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CLINE: The importance of saying ‘thanks’

Todd Cline

Todd Cline

After last week’s storm you hear a lot of people giving thanks. For anyone who had troubles it is a very personal appreciation for the help they received, the push out of a ditch, the shoveling off of their drive way, the fixing of their power outage.

It works the other way as well, with people being grateful their power stayed on, appreciative for work that may have been called off or delayed, thankful that the trees surrounding their house saw fit to stay upright no matter how much the ice and wind tired to convince them otherwise.

In that spirit of thankfulness, the city of Duluth has declared next week Public Works and Police Appreciation Week. It’s a chance to let the residents of Duluth thank the people who kept their city safe during the storm, a process that was emulated around the county last week.

Duluth has designated each day of next week for the occassion, asking locals to participate on the following: Cookie Day on Monday, Chip and Dip Day on Tuesday, Cake Day on Wednesday, Snack Day on Thursday and Thank You Card Day on Friday, which will also include an appreciation luncheon for the members of the public works team. It was a no-brainer of a decision, Duluth’s mayor said.

“This staff spent three days working out of the facility, not going home, to provide 24-hour service to Duluth citizens,” Nancy Harris said. “I have received many accolades and notes of appreciation about the city staff. We listened; our citizens want to show their appreciation by recognizing the efforts of public works and public safety.”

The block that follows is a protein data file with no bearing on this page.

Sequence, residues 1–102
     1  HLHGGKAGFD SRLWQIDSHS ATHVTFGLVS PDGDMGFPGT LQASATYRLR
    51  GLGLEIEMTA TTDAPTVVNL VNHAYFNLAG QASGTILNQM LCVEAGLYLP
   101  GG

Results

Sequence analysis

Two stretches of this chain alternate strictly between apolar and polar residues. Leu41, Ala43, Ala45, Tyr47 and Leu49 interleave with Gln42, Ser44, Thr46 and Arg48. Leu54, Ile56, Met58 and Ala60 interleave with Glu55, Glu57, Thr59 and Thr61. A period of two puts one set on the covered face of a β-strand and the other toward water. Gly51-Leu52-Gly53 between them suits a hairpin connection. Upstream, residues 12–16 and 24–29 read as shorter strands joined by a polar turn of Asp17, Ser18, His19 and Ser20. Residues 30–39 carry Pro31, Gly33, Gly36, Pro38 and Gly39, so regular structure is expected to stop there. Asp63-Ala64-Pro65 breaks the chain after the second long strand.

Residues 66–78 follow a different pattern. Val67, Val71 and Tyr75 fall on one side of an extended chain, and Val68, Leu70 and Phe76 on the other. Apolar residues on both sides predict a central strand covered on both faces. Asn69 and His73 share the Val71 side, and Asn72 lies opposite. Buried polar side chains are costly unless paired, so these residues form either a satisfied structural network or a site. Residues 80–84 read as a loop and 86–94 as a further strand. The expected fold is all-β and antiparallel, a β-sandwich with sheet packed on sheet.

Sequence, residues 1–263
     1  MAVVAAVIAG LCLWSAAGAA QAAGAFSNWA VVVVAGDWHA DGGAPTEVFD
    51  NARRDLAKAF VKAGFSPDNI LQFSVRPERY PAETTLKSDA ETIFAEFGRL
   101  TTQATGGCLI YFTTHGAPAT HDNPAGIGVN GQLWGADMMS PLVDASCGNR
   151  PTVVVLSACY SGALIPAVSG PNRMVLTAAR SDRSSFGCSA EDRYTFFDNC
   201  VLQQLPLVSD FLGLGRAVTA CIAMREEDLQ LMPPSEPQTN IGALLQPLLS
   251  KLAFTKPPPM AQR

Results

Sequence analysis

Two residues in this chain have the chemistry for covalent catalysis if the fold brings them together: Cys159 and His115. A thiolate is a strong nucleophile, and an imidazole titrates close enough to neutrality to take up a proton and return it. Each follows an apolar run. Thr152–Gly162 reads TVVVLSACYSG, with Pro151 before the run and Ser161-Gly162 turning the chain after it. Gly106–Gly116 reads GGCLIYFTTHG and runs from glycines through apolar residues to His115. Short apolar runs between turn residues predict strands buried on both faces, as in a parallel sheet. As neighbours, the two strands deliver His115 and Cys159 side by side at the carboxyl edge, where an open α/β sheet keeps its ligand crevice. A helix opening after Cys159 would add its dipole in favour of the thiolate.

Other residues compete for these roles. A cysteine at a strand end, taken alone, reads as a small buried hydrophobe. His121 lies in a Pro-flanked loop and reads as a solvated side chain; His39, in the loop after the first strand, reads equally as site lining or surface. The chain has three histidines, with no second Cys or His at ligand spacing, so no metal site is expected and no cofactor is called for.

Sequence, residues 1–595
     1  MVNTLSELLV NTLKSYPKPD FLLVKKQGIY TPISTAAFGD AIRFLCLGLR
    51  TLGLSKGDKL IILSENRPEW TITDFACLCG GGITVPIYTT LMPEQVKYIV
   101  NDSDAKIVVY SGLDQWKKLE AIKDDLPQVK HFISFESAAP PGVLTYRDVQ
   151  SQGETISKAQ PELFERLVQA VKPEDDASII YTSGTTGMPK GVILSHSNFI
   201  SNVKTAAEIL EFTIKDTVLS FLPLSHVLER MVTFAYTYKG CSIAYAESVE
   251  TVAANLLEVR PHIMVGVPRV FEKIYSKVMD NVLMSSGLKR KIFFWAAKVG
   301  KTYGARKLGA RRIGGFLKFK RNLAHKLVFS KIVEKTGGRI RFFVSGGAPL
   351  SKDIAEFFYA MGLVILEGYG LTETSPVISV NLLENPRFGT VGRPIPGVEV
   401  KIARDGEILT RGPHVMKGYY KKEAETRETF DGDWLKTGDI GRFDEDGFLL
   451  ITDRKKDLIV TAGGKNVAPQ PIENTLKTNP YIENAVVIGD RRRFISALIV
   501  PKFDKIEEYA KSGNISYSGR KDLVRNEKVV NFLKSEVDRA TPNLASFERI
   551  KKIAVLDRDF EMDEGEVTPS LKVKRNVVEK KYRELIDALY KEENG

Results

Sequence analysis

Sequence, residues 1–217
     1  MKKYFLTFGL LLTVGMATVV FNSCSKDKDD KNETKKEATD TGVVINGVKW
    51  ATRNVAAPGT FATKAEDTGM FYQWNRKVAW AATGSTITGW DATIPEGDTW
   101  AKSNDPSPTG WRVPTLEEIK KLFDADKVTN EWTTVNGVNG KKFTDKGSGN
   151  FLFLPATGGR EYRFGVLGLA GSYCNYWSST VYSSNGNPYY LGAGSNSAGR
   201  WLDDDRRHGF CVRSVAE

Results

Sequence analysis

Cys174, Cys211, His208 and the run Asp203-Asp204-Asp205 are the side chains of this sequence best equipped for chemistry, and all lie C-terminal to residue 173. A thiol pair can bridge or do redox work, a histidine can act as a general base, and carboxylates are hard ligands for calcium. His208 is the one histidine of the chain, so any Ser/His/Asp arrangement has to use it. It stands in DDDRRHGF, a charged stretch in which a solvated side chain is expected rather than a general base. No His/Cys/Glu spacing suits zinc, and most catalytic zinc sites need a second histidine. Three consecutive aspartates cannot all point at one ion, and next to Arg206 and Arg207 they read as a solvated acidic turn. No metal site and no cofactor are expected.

Those wishing to participate can drop off items at the public works facility, located at 2450 Chattahoochee Drive, the public safety facility located at 3276 Buford Highway, or City Hall between the hours of 10 a.m. to 3 p.m. any day next week. The city asks that you RSVP items you would like to bring to Maggie Waddell by emailing her at mwaddell@duluthga.net no later than Wednesday, Feb. 26.

It’s a neat idea, and kudos to Duluth officials for thinking of it. Workers from all Gwinnett cities deserve our thanks, as do the many police and fire department employees and all others who worked diligently to ensure our safety and get us through the storm. They all deserve a slice of cake, a cookie or a thank you card echoing those sentiments, but a firm handshake or a verbal “thank you” would also suffice.

I think Duluth is on to something with its appreciation week. We need to find more ways to express thanks, and not just when disaster strikes. There is a lot to be thankful for, even on days when the forecast calls for clear roads and skies and the TV news folks aren’t trying to convince us that the world is about to end.

The digital age has altered the way we communicate, with written correspondence seeming to be on its last legs. Few people send letters these days and notes of thanks aren’t as prevelant. The most prominent thank you notes these days are likely the ones used during the running bit by new “The Tonight Show” host Jimmy Fallon, who uses the old school notes as a way for new age comedy — a voice over verbalizing what the comedian is writing on the card. (Sample: Thank you, pita bread, for being a great combination between wheat and envelopes.)

It’s a funny bit, no doubt. But Jimmy writes more notes in those two-minute skits that most folks do in a lifetime. The humor is much appreciated, and maybe in his own way the comedian inspires some folks to mail off a note of their own.

In a world filled with sarcasm and irony, Duluth’s appreciation week idea is a reminder that there’s always a place for a heartfelt thank you, no matter what form it takes.

Email Todd Cline at todd.cline@gwinnettdailypost.com. His column appears on Wednesdays.